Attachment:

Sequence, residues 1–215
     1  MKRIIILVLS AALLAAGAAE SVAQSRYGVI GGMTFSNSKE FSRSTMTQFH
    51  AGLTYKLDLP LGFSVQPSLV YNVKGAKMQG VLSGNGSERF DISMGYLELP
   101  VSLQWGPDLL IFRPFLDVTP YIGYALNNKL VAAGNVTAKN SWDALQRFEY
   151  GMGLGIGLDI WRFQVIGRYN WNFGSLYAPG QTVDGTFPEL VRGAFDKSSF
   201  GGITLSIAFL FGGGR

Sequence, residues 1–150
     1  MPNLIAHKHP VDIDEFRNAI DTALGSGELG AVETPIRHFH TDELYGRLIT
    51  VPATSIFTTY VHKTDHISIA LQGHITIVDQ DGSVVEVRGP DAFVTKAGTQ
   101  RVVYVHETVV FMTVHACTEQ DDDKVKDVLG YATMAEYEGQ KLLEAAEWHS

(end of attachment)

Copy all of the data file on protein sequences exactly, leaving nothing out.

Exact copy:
Sequence, residues 1–215
     1  MKRIIILVLS AALLAAGAAE SVAQSRYGVI GGMTFSNSKE FSRSTMTQFH
    51  AGLTYKLDLP LGFSVQPSLV YNVKGAKMQG VLSGNGSERF DISMGYLELP
   101  VSLQWGPDLL IFRPFLDVTP YIGYALNNKL VAAGNVTAKN SWDALQRFEY
   151  GMGLGIGLDI WRFQVIGRYN WNFGSLYAPG QTVDGTFPEL VRGAFDKSSF
   201  GGITLSIAFL FGGGR

Sequence, residues 1–150
     1  MPNLIAHKHP VDIDEFRNAI DTALGSGELG AVETPIRHFH TDELYGRLIT
    51  VPATSIFTTY VHKTDHISIA LQGHITIVDQ DGSVVEVRGP DAFVTKAGTQ
   101  RVVYVHETVV FMTVHACTEQ DDDKVKDVLG YATMAEYEGQ KLLEAAEWHS